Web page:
The So-Called Cheney Documents
6:00 PM, Aug 25, 2009 • By STEPHEN F. HAYES
Late yesterday afternoon, the CIA public affairs office sent reporters an email with two documents attached. CIA spokesman George Little wrote: "For your information, the attached files are part of today's document release on the CIA interrogation program. Former Vice President Cheney asked that these documents be released earlier this year."
Those documents offer detailed evidence of the effectiveness of detainee interrogation, including the use of enhanced interrogation techniques. So most news accounts have concluded that these are, in fact, the so-called Cheney documents. But that's only half right.
One document, entitled "Khalid Shaykh Muhammad: Preeminent Source on al Qaida," is the precise document Cheney requested. The other, entitled, "Detainee Reporting Pivotal for the War Against al Qaeda," is not. The document declassified and released by the CIA is dated June 3, 2003. The version of the document requested by Cheney was dated June 1, 2003.
Are there substantive differences, too? One intelligence source with knowledge of the memos says that the second report, the June 3 document releasing by the CIA, does not include the same level of detail as the June 1 document, the one requested by Cheney. So what aren't we seeing? It's hard to say. The explanation could be simple and innocent. Perhaps someone just conveyed the wrong request and the differences between the two versions of the "pivotal" report are not significant. But given that the purpose of the document is to describe the effectiveness of the interrogations, it's also possible that information supporting Cheney's position -- and contradicting that of the Obama administration -- was not released to the public.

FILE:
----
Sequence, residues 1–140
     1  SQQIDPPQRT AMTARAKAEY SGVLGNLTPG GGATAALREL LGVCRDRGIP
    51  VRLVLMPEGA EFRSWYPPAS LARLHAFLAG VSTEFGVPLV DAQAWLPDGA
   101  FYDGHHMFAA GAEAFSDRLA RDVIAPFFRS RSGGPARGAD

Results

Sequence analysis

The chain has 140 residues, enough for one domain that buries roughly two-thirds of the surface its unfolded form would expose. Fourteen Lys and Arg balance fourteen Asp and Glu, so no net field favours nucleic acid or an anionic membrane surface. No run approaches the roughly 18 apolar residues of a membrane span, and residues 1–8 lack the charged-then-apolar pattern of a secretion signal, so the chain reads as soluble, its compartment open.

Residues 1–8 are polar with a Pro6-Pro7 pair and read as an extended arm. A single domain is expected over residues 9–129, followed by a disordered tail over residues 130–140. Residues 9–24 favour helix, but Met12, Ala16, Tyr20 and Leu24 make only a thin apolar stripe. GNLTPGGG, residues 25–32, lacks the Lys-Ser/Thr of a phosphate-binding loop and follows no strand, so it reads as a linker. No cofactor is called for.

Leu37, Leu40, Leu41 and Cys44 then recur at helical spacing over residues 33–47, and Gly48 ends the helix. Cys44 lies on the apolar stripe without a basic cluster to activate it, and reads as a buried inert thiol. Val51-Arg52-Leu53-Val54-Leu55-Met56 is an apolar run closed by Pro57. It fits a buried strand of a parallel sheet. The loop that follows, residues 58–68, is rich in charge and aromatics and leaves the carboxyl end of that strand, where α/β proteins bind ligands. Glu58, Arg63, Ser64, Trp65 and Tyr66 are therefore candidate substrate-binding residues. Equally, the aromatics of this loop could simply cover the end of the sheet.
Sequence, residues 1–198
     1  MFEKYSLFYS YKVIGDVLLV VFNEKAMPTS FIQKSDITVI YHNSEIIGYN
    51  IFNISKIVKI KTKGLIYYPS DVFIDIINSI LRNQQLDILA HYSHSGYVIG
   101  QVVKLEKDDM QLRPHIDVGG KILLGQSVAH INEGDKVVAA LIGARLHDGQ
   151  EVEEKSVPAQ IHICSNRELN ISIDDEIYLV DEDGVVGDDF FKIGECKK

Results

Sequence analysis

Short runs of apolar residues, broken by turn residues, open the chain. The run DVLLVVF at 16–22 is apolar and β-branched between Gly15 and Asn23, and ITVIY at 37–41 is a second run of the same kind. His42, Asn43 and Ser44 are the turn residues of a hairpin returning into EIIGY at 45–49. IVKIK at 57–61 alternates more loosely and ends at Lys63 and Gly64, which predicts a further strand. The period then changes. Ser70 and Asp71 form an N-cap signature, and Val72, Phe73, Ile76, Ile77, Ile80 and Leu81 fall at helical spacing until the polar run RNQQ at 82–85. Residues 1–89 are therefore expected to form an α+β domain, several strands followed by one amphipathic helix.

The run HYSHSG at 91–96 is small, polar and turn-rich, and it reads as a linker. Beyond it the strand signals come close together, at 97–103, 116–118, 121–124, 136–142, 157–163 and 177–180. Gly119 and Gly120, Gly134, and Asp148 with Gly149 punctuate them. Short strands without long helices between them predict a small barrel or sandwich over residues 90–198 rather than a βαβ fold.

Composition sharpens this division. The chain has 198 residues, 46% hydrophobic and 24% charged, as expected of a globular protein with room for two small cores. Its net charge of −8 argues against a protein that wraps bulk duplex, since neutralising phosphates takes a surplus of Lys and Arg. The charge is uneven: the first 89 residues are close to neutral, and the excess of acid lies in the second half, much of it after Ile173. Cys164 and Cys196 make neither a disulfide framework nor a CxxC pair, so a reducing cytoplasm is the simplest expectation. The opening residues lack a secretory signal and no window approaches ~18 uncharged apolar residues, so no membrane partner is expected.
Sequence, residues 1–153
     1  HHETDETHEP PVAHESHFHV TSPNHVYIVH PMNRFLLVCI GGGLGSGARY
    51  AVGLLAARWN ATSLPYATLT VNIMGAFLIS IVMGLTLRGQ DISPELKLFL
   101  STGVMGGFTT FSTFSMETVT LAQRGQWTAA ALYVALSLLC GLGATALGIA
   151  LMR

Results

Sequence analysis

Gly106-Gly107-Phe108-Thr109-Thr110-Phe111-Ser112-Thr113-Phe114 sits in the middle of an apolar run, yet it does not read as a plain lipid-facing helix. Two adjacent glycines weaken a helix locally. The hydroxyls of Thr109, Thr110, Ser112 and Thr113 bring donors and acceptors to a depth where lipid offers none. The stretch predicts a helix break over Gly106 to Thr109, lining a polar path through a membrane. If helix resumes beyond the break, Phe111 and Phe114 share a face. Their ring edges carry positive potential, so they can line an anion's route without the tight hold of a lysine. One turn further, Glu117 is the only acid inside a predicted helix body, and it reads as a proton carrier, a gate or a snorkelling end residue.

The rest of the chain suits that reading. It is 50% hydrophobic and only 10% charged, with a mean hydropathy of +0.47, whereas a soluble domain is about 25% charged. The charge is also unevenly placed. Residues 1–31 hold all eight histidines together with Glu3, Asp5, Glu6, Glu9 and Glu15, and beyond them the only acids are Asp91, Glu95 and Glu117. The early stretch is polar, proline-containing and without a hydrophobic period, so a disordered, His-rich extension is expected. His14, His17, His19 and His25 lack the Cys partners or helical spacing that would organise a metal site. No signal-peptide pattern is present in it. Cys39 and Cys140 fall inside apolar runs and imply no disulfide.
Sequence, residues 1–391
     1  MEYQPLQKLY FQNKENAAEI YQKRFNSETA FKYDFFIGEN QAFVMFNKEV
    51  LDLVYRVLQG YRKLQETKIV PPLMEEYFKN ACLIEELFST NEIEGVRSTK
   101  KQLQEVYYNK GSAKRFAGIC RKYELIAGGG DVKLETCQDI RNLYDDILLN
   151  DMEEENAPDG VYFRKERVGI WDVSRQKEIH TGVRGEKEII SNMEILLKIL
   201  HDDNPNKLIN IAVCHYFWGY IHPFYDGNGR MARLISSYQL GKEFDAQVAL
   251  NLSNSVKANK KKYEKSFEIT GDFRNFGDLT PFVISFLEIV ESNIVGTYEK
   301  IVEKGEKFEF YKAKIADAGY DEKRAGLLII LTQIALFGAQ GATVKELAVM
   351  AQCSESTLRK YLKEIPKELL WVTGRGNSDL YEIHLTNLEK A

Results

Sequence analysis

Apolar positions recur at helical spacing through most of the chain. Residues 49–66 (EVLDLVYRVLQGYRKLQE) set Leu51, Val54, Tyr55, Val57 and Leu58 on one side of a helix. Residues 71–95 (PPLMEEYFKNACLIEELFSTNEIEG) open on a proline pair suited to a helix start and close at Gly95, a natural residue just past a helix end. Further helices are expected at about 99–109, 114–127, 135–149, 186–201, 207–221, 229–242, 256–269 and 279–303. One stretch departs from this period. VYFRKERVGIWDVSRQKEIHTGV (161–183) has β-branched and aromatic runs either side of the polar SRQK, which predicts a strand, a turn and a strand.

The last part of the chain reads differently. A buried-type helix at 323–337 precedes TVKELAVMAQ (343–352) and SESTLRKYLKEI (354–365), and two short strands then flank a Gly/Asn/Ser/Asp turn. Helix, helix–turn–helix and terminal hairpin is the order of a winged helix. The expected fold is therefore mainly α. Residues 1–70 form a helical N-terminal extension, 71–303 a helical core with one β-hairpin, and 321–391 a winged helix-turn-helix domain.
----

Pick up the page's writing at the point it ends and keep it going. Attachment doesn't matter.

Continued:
So will the most transparent administration in history release the June 1 version that Cheney requested?
Adding to the intrigue is the timing of the release. On May 7, the CIA's Delores Nelson wrote to Cheney to deny his initial request to have the two documents declassified. Cheney appealed on June 8. On July 30, the CIA once again denied Cheney's request for declassification. The letter, also from Delores Nelson, reads, in relevant part:
"The Agency Release Panel (ARP) considered your appeals and determined that the material denied in its entirety must continue to be protected from release on the basis of section 3.5A3 of the order as the information information remains the subject of pending litigation. Therefore, in accordance with Agency regulations, the ARP denied your appeals in full."
Cheney received the CIA's denial letter from his Washington office yesterday -- the same day the so-called Cheney memos were released.
So in the period of three weeks, the CIA denied Cheney's request for declassification of the material and the Obama administration, with the approval of the CIA, declassified one of the Cheney memos and a less-detailed version of the other.
What's the deal? I have contacted George Little at the CIA for a comment, but have not yet received a response. TWS also contacted Susan Cooper, director of public affairs at the National Archives, the institution that conveyed Cheney's declassification request to the CIA. Cooper has not yet responded either. We will post responses when we get them.
The irony, of course, is that while the Cheney documents demonstrate the effectiveness of EITs, they were not necessary to make that point. The CIA's IG report, written by John Helgerson, who was plainly opposed to the use of EITs and considered them "torture," made that case, too.